ROME – Catholic doctors have a mission to show God’s compassionate love to those who are suffering and to defend life at all stages, Pope Francis said.
While progress has been made in treating patients, medical professionals always must “remember that healing means respecting the gift of life from the beginning to the end,” the pope said June 22 during a meeting with members of the International Federation of Catholic Medical Associations.
“We are not the owners: Life is entrusted to us and doctors are its servants,” he said. “Your mission is at the same time a witness of humanity, a privileged way of making people see, of making them feel that God our father takes care of every single person, without distinction.”
Members of the association were in Rome to celebrate the organization’s consecration to the Sacred Heart of Jesus.
Noting that the first Christian communities presented Jesus as a physician, the pope said that Christ’s primary mission was to be close to the sick and the suffering, especially those “who were despised and marginalized” because of their conditions.
“In this way, Jesus breaks the judgment of condemnation that often labeled the sick person as a sinner,” he explained. “With this compassionate closeness, he manifests God the father’s infinite love for his most needy children.”
Jesus, he continued, would approach those suffering from illness and care for them “with sincere love” and heal not only their bodies, but also their hearts through the forgiveness of sins.
Christ would also share “a personal relationship that was rich, not mechanical, not at a distance” with those oppressed by both physical and spiritual illness, the pope added.
“You are called to encourage, to console, to raise, to give hope,” the pope told the physicians. “We cannot be cured and cure without hope; in this we are all in need and grateful to God, who gives us hope.”
The style of Catholic doctors, he said, must be one that “combines professionalism with the capacity for collaboration and ethical rigor” that benefits suffering patients.
“By continually renewing yourselves,” the pope said, “by drawing on the sources of the word of God and the sacraments, you will be able to carry out your mission well, and the Spirit will give you the gift of discernment to deal with delicate and complex situations, and to speak the right words in the right way and with the right silence at the right time.”
“Indeed, I confess, that of the Penitentiary is the kind of Court I really like. Because it is the “court of mercy” we turn to, to receive the crucial medicine for our soul, which is God’s Mercy.” – about The Apostolic Penitentiary
Pope Francis has granted a general indulgence of sins with a decree from the Apostolic Penitentiary, signed by the Cardinal Mauro Piacenza, on the occasion of the 25th Jubilee World Congress of the Catholic Physicians that will be held in Zagreb from 30th May to 2nd June 2018.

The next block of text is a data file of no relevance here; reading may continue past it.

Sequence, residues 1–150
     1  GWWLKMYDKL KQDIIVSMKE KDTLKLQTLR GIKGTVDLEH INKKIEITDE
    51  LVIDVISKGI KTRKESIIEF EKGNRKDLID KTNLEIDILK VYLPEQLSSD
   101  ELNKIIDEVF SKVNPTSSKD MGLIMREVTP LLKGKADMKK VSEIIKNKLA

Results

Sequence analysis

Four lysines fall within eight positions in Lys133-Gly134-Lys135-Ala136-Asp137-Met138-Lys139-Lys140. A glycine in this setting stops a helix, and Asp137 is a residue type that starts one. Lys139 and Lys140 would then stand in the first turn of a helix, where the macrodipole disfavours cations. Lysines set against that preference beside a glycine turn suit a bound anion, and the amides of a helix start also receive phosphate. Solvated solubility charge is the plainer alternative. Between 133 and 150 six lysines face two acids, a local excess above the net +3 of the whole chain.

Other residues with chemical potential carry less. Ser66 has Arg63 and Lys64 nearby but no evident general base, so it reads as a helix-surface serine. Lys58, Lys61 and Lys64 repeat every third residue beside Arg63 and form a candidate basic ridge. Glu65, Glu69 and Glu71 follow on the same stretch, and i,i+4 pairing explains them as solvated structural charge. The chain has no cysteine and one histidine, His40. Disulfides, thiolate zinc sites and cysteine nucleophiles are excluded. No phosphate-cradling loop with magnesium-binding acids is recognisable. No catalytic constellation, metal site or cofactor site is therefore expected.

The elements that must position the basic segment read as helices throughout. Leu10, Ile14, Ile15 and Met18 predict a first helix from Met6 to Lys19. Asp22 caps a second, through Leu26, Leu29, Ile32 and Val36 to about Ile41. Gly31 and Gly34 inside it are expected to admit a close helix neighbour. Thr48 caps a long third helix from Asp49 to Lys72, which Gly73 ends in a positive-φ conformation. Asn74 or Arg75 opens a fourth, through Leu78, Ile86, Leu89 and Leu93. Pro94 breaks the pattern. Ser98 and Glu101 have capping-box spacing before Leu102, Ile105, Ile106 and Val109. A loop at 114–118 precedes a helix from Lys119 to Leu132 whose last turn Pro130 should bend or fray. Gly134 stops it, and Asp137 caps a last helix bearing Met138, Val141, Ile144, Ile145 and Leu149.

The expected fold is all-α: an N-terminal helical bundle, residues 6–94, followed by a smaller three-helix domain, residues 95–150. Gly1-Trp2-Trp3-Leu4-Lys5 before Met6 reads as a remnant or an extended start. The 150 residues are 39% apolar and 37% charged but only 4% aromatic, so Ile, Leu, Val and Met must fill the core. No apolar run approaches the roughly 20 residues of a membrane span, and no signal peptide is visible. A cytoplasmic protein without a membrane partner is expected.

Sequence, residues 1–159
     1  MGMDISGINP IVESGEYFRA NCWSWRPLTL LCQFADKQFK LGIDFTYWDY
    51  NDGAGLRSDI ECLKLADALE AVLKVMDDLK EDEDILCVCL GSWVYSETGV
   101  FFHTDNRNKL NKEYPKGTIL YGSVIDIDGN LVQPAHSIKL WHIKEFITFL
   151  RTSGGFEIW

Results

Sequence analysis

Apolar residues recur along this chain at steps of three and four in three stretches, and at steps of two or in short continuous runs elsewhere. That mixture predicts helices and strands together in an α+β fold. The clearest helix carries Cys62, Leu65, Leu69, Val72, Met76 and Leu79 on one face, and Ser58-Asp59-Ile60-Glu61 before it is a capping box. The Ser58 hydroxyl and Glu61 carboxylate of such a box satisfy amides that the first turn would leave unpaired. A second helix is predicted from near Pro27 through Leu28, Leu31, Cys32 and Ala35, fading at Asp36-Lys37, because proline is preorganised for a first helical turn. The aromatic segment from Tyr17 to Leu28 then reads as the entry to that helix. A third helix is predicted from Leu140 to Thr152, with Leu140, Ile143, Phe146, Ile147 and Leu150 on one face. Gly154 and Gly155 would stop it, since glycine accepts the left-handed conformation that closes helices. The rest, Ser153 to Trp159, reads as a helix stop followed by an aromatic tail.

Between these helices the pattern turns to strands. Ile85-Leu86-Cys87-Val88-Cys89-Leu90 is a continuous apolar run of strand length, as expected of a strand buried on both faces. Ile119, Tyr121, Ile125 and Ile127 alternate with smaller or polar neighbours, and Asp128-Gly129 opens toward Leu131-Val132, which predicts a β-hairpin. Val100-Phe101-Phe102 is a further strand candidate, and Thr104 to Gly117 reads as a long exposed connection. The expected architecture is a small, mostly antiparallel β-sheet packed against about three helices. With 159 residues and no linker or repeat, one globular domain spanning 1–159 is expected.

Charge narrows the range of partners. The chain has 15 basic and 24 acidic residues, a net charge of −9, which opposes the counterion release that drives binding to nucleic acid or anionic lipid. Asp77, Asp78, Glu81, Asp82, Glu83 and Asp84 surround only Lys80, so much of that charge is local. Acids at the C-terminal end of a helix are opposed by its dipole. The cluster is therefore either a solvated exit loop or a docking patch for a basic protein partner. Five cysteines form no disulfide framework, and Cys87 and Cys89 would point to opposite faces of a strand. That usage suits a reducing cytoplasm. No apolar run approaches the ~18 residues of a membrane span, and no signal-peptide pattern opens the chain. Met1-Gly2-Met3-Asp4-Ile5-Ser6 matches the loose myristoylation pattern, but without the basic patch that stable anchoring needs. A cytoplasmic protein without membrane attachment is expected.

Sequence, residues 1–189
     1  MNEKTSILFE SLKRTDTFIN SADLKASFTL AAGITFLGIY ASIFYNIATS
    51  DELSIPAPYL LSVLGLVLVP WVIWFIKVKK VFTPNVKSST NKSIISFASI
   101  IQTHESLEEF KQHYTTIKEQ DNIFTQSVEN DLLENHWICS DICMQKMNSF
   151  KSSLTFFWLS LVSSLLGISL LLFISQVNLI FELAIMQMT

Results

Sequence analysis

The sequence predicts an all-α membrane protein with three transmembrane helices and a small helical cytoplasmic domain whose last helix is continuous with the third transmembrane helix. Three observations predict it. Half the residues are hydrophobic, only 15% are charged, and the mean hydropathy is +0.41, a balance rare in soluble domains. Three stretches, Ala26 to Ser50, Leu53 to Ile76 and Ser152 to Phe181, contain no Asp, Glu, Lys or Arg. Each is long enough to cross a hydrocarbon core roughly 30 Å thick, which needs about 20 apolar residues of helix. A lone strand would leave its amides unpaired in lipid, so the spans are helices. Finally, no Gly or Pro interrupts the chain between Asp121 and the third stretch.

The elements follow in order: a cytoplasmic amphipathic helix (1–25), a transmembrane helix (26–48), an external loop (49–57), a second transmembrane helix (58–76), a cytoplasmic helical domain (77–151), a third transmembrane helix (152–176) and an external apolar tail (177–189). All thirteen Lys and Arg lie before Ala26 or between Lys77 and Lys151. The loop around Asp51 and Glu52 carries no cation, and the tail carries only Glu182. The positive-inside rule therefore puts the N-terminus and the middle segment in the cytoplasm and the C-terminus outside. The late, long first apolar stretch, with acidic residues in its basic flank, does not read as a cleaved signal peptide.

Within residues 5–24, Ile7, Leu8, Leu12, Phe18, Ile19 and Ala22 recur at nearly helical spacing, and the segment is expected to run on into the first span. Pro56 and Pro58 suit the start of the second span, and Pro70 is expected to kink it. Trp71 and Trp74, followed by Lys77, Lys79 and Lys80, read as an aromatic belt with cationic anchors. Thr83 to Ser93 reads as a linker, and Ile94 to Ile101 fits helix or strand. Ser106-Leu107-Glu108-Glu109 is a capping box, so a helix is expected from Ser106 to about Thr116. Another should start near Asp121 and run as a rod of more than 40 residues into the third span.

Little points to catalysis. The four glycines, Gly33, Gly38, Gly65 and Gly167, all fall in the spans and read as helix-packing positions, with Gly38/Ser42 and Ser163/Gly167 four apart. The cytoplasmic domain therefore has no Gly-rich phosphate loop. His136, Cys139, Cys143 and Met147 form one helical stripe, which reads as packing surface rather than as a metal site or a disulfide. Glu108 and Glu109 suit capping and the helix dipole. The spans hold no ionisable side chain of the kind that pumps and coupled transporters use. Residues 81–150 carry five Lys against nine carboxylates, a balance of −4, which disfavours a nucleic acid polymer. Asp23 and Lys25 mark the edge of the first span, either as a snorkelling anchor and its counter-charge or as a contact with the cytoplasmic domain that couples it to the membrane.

With the decree of the Apostolic Penitentiary No. 9/18/l, the participants of the 25th Jubilee World FIAMC (World Federation of the Catholic Medical Associations) Congress under the title “Sanctity of Life and the Medical Profession, from Humanae Vitae to Laudato Si” may receive indulgence or the general indulgence if they
approach the sacrament of Confession,
approach Holy Communion, and
join praying for the Holly Father’s intention.
General indulgence is given to all Catholic participants of the Congress who have made sincere confession of sins and who are filled and lead by the Christian love. General indulgence may also be intended for the souls of faithful in the Purgatory.
It is valid for all faithful that will participate at the 25th Jubilee World Congress in Zagreb from 30th May to 2nd June 2018 entitled “Sanctity of Life and the Medical Profession, from Humanae Vitae to Laudato Si” and humbly pray to God for their own faithfulness to the Christian calling, an increase in Church vocations, more priests, and the protection of the family through the Virgin Mary’s invocation „Health of the Sick“.
Partial indulgence of sins is given to those members justifiably prevented from participating in the congressional work if they unite in fervent prayers with a humble and contrite heart.
Vatican City, May 28, 2018 / 10:05 am (CNA/EWTN News).- Ideologies which do not acknowledge and uphold the dignity of human life must be resisted and the Catholic Church’s teaching on life affirmed, Pope Francis told a group of Catholic doctors Monday.